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B. S. Biological Sciences
School of Life Sciences, University of Science and Technology of China - 2004
Thesis Advisor: Masayori Inouye, Ph.D.
Graduate Program in Biochemistry & Molecular Biology
CABM, Room 010
Wednesday, September 8, 2010
Membrane proteins are 30 to 35% of the total proteins encoded by the genome from bacteria to human, playing a number of key functions in the cells, such as cell metabolism, signal transduction, and transport for ions and various nutrients. Thus the membrane proteins are of great interest for drug targets. Therefore, the structural studies of membrane proteins are of great importance for better understanding of the mechanisms and further drug designing. In this thesis, I introduced a new expression system, the Single Protein Production (SPP) system, for production of membrane proteins for NMR structural studies, including both solution state NMR and solid state NMR.
In the Single Protein Production (SPP) method, all E. coli cellular mRNAs are eliminated by the induction of MazF, an ACA-specific mRNA interferase. When an mRNA for a membrane protein, engineered to have no ACA sequences without altering its amino acid sequence, is induced in the MazF-induced cells, E. coli is converted into a bioreactor producing only the targeted membrane protein.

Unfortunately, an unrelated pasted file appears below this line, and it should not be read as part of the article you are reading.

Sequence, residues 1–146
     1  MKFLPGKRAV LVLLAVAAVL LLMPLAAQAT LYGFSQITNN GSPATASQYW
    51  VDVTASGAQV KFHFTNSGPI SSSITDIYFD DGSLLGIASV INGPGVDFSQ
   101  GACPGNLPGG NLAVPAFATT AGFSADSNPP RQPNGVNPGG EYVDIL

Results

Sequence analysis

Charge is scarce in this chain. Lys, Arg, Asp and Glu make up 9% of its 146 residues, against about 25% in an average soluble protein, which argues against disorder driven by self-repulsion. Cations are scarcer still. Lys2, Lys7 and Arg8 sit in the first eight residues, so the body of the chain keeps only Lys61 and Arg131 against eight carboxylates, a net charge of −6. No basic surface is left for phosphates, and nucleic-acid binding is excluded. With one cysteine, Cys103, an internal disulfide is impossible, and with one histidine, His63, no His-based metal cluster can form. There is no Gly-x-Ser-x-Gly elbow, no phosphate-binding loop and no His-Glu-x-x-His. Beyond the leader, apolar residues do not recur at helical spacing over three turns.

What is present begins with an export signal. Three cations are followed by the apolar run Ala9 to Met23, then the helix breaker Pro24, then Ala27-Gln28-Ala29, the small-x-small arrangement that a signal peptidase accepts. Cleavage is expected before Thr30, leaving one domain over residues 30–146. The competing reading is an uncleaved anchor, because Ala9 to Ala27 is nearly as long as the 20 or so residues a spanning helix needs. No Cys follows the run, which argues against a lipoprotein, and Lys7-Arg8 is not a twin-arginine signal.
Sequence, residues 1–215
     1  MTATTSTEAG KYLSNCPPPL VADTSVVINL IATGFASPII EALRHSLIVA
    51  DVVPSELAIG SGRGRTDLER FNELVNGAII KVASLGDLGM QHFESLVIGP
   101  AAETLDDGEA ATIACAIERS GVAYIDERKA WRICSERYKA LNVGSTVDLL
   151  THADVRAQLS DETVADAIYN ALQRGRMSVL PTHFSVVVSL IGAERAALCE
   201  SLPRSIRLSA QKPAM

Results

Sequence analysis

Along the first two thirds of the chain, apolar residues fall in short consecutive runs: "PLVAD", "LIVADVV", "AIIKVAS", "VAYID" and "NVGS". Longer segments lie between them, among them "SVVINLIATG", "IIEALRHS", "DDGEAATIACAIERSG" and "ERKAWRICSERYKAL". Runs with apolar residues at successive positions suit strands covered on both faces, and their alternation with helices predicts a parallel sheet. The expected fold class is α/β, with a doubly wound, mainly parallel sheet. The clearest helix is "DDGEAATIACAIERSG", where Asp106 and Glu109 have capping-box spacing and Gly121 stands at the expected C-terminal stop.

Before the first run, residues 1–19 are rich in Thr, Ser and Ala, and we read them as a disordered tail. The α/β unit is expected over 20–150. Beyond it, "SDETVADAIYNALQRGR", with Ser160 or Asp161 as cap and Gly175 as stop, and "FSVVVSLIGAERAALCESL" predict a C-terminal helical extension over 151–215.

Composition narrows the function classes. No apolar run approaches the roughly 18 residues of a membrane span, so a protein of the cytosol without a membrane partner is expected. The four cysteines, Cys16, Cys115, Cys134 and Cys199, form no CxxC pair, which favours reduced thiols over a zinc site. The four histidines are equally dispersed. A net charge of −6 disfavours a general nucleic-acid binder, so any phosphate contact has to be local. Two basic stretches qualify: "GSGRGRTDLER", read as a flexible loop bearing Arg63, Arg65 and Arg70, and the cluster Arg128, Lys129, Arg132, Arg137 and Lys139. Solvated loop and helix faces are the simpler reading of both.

It is demonstrated here that three prokaryotic inner membrane proteins, one yeast membrane protein and an ion channel for influenza A virus can be produced in the SPP system at very high levels, and assembled in appropriate membrane fractions. In addition, the condensed Single Protein Production (cSPP) system provides a cost-effective approach for producing isotope-enriched membrane proteins which can be studied by NMR methods without the requirement of purification.
As a novel application of the SPP system for studies of membrane proteins, we also demonstrate, for the first time, fast detergent screening by microcoil NMR and well-resolved NMR spectra of several targeted integral membrane proteins obtained without purification.
I also explored the SPP system to apply for structural studies of membrane proteins by solid-state NMR. It is demonstrated that a selectively isotope-enriched protein provides a “fingerprint” spectrum of the target protein. This “fingerprint” can then be used to characterize the structural integrity of the target protein in the natural membrane environment and to compare it with the structure present in purified or reconstituted samples. In this way, membrane proteins samples used in NMR studies by solid-state or solution state methods, or for crystallization experiments and subsequent structural analysis by X-ray crystallography, can be validated if they have native structures similar to the structure of the same membrane proteins in the E. coli membrane environment.